PHOTO: The opposition pocket of Wadi Barada, northwest of Damascus, under ongoing attacks by pro-Assad forces despite a national ceasefire
UPDATE 1245 GMT: According to a pro-Assad activist, a representative of Russia’s Hmeimem military operations centre has said the siege and assault on the Wadi Barada pocket, northwest of Damascus, does not violate the ceasefire because rebels in the area are affiliated with the jihadists of Jabhat Fatah al-Sham.
If true, the report fulfils the prediction that Russia’s tactics — in line with a possible deception over the ceasefire agreement — are to provide space for the ongoing attacks on Wadi Barada through the pretext that JFS is a target because it is excluded from the truce.
JFS, formerly known as Jabhat al-Nusra, left the Wadi Barada area in late 2015.
Fars News, the propaganda arm of Iran’s Revolutionary Guards, tries to maintain the pretense with the proclamation of “attacks on Nusra centers in northwestern Damascus”.
The site also puts out the fiction that about the Syrian Army providing for “the safe evacuation of civilians from [the] bazaar” in Wadi Barada.
UPDATE 0945 GMT: Claims are circulating this morning of new violations by pro-Assad forces of the ceasefire, this time in western Aleppo Province.
Photographs and a video claim bombing of a school in Meznaz, injuring students, and of Atareb, a frequent target of pro-Assad attacks.
New year, new war crimes in Syria. Russia just bombed a school in Meznaz, in the western countryside of Aleppo, injuring students pic.twitter.com/gx4n2FpwIP
— Elizabeth Tsurkov (@Elizrael) January 1, 2017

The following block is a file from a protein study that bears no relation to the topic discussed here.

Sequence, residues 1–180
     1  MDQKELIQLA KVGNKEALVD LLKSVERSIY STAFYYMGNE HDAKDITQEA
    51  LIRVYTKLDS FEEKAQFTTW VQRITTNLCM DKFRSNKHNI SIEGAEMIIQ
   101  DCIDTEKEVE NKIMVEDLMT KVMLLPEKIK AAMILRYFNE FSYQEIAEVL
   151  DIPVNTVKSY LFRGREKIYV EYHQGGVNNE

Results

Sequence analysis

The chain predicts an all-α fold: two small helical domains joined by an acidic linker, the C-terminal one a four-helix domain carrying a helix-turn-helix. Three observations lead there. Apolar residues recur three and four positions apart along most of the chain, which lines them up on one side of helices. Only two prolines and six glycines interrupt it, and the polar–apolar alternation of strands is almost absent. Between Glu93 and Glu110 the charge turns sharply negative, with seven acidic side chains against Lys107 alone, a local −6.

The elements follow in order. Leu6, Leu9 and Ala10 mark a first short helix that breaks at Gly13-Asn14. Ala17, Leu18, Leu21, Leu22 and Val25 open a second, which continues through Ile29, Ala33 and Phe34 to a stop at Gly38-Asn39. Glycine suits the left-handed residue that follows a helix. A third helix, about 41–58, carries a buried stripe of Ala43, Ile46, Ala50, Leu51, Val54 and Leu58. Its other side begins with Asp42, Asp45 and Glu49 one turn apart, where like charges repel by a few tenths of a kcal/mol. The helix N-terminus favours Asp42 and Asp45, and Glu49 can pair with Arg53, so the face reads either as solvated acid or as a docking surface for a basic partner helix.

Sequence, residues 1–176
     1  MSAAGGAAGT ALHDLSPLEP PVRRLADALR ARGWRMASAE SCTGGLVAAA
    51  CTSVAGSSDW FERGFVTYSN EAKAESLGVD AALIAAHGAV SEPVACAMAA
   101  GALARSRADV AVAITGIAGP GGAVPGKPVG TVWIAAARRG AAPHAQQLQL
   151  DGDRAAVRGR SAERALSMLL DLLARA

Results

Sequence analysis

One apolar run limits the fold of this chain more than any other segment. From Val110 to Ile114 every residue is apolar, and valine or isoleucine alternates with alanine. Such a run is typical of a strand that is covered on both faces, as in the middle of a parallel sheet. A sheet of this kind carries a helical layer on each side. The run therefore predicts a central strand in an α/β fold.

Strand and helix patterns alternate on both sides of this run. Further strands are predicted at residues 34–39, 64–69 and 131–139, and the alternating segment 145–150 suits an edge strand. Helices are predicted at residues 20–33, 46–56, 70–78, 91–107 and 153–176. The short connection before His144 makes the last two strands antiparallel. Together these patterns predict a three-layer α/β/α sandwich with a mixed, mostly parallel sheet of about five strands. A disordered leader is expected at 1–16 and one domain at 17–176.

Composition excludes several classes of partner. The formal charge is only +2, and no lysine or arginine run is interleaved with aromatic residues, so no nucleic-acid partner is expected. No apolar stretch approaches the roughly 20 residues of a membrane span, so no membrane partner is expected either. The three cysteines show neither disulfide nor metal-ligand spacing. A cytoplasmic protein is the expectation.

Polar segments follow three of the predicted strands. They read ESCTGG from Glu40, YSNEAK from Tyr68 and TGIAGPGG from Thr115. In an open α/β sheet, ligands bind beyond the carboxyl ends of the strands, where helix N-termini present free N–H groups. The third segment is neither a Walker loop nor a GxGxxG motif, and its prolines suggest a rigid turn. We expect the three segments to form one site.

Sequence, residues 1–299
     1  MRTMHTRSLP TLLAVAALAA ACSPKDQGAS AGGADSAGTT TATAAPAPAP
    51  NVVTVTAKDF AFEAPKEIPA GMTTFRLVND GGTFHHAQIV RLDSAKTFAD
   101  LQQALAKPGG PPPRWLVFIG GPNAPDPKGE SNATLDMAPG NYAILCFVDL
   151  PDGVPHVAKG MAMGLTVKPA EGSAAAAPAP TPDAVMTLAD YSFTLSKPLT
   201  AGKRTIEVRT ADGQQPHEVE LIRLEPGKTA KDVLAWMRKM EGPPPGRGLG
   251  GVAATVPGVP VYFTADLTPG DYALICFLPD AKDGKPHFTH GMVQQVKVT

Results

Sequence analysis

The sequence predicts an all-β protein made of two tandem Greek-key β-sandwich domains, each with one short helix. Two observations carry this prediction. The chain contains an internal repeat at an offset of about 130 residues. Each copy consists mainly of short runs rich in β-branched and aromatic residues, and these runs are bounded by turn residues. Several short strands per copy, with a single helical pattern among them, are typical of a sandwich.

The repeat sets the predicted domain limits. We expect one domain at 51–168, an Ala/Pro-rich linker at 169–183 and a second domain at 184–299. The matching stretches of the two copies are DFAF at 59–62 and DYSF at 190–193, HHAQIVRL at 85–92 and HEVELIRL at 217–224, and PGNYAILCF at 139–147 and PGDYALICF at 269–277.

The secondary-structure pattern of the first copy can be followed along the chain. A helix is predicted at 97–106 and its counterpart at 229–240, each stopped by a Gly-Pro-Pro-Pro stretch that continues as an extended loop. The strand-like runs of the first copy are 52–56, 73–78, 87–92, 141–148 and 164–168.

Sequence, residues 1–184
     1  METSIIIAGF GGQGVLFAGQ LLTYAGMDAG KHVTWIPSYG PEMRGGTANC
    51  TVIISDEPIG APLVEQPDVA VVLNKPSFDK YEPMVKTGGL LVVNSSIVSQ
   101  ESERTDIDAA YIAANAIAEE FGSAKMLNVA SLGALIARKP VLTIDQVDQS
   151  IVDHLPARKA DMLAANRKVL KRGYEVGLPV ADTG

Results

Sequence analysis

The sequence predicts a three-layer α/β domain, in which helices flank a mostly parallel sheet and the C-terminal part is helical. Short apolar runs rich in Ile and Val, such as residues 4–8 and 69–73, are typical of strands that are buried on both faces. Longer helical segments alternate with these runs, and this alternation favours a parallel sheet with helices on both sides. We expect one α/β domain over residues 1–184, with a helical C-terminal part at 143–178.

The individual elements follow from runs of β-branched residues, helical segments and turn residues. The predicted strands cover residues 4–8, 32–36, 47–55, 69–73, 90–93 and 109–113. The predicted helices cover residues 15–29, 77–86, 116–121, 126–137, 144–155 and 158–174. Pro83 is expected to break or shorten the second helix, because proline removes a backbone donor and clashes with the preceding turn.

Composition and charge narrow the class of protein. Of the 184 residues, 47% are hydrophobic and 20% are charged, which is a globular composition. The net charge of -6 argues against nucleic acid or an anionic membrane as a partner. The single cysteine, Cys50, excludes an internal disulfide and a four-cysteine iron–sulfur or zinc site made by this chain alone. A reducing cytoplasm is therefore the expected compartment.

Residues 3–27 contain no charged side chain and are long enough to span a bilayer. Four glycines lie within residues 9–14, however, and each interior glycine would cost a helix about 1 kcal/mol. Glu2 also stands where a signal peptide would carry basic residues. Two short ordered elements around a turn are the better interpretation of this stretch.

Claimed footage of the aftermath of the bombing:
ORIGINAL ENTRY: The Assad regime, exploiting what appears to be a deliberate loophole in the national “ceasefire”, continued air and ground attacks near Syria’s capital Damascus on Saturday.
Pro-Assad forces maintained their attempt, launched more than two weeks ago, to overrun the Wadi Barada pocket northwest of the capital. Shelling and mortar fire were reported as the forces tried to advance on the southern edge of the area, with 13 villages and about 100,000 people.
The offensive has already damaged the pumping station for the al-Fija springs, which provide more than 60% of Damascus’s water. Supplies have been limited to about two hours per day for more than four million people.
Pro-opposition activists also reported shelling and ground attacks in the East Ghouta region, northeast and east of Damascus. Video showed rebels clashing with the pro-Assad forces.
Rebel groups warned that they might revoke their accession to the ceasefire, particularly if the offensive on Wadi Barada did not cease. However, as of Sunday morning, the rebels were still refraining from their own attacks.
A Deception by Russia and Turkey?
The opposition and rebels claimed that the ongoing pro-Assad attacks were enabled by a deliberate deception by the Assad regime key’s ally Russia and Turkey, which has been a leading backer of the rebellion.
Rebel factions noted that they had signed a version of the truce agreement which excluded only the Islamic State. But they said that the Assad regime had accepted a version with several key changes, notably the exclusion of both ISIS and the jihadist faction of Jabhat Fatah al-Sham.
The addition of JFS, formerly Jabhat al-Nusra, is essential because it allows the regime — and its allies, including Russia — to continue attacks on opposition areas with the pretext that they are targeting JFS/Nusra, even when the faction is not present.
The opposition and rebels also said other non-negotiable conditions were omitted from the version signed by the Assad regime.
A Russian-Turkish summary of the ceasefire, excluding both ISIS and JFS/Nusra, was presented to the UN Security Council for approval on Saturday. The Council welcomed and supported the truce; however, it stopped short of endorsing the agreement.
Western members of the Council sought changes to clarify the UN’s role and the meaning of the agreement brokered by Moscow and Ankara. Several delegates “said the agreement contained gray areas and that its implementation was fragile”.